Compare any two graphics cards:
GeForce GTX 280 vs GeForce GTX 550 Ti
IntroThe GeForce GTX 280 uses a 65 nm design. nVidia has clocked the core speed at 602 MHz. The GDDR3 memory works at a frequency of 1107 MHz on this card. It features 240 SPUs along with 80 Texture Address Units and 32 Rasterization Operator Units.
Compare all of that to the GeForce GTX 550 Ti, which comes with a GPU core clock speed of 900 MHz, and 1024 MB of GDDR5 memory set to run at 1026 MHz through a 192-bit bus. It also is made up of 192 SPUs, 32 Texture Address Units, and 24 Raster Operation Units.
(No game benchmarks for this combination yet.)
Power Usage and Theoretical Benchmarks
Power Consumption (Max TDP)
Performance-wise, the GeForce GTX 280 should in theory be a lot better than the GeForce GTX 550 Ti in general. (explain)
Texel RateThe GeForce GTX 280 should be much (approximately 67%) better at AF than the GeForce GTX 550 Ti. (explain)
Pixel RateThe GeForce GTX 550 Ti will be a bit (about 12%) better at AA than the GeForce GTX 280, and also able to handle higher resolutions while still performing well. (explain)
Please note that the above 'benchmarks' are all just theoretical - the results were calculated based on the card's specifications, and real-world performance may (and probably will) vary at least a bit.
Please note that the price comparisons are based on search keywords - sometimes it might show cards with very similar names that are not exactly the same as the one chosen in the comparison. We do try to filter out the wrong results as best we can, though.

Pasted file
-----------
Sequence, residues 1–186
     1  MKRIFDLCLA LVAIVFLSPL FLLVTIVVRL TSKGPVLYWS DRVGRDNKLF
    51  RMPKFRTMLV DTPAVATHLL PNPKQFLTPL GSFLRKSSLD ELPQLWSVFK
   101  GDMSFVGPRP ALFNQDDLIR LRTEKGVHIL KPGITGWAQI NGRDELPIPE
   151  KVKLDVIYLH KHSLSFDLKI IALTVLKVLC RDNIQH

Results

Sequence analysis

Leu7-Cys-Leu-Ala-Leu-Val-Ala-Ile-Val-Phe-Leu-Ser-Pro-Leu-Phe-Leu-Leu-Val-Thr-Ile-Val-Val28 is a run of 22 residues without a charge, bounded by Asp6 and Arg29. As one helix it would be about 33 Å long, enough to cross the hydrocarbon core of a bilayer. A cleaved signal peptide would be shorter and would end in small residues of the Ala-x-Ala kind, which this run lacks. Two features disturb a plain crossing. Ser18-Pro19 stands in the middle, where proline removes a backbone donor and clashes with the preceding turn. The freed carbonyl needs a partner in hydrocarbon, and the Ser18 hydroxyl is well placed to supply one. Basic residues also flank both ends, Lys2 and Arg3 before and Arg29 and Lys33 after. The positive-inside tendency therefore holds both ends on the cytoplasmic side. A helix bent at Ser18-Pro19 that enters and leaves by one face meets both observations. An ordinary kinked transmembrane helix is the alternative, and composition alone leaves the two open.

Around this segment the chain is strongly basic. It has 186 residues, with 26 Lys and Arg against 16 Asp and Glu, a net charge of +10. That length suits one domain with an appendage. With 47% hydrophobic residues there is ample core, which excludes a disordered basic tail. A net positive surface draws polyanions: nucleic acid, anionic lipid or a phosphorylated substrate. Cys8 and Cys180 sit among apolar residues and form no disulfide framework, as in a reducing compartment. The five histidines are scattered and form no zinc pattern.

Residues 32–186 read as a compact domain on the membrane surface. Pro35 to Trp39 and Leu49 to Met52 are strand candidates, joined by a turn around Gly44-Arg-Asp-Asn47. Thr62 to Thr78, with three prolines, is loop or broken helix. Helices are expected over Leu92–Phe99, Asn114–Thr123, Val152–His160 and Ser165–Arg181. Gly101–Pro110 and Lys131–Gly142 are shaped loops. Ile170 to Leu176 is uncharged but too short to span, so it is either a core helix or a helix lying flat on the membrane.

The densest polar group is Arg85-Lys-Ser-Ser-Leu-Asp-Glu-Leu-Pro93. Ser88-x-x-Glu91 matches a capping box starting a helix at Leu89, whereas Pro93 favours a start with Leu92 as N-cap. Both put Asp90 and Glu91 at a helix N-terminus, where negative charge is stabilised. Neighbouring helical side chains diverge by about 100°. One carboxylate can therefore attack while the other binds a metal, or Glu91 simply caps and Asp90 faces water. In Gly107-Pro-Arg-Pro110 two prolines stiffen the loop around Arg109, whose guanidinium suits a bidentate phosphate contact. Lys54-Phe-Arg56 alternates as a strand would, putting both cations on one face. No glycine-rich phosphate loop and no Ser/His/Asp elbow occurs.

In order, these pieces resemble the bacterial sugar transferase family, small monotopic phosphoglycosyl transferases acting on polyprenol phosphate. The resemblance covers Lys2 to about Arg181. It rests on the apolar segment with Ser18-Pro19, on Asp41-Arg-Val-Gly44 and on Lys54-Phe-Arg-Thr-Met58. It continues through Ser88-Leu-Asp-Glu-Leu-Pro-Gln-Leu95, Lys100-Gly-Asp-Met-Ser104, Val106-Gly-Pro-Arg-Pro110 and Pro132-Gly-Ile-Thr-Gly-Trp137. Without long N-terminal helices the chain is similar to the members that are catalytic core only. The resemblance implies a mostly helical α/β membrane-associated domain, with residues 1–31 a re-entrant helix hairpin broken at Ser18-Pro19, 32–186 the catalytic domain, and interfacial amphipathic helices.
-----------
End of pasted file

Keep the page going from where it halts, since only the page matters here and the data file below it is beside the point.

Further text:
Memory Bandwidth: Bandwidth is the largest amount of information (measured in MB per second) that can be transported across the external memory interface within a second. It is calculated by multiplying the interface width by its memory clock speed. In the case of DDR type RAM, it should be multiplied by 2 once again. If it uses DDR5, multiply by 4 instead. The higher the memory bandwidth, the faster the card will be in general. It especially helps with AA, HDR and higher screen resolutions.
Texel Rate: Texel rate is the maximum number of texture map elements (texels) that can be applied in one second. This figure is worked out by multiplying the total amount of texture units by the core clock speed of the chip. The higher the texel rate, the better the graphics card will be at handling texture filtering (anisotropic filtering - AF). It is measured in millions of texels applied in a second.
Pixel Rate: Pixel rate is the maximum amount of pixels that the graphics chip can possibly write to the local memory per second - measured in millions of pixels per second. The figure is calculated by multiplying the amount of colour ROPs by the clock speed of the card. ROPs (Raster Operations Pipelines - sometimes also referred to as Render Output Units) are responsible for drawing the pixels (image) on the screen. The actual pixel rate also depends on lots of other factors, especially the memory bandwidth of the card - the lower the memory bandwidth is, the lower the potential to reach the max fill rate.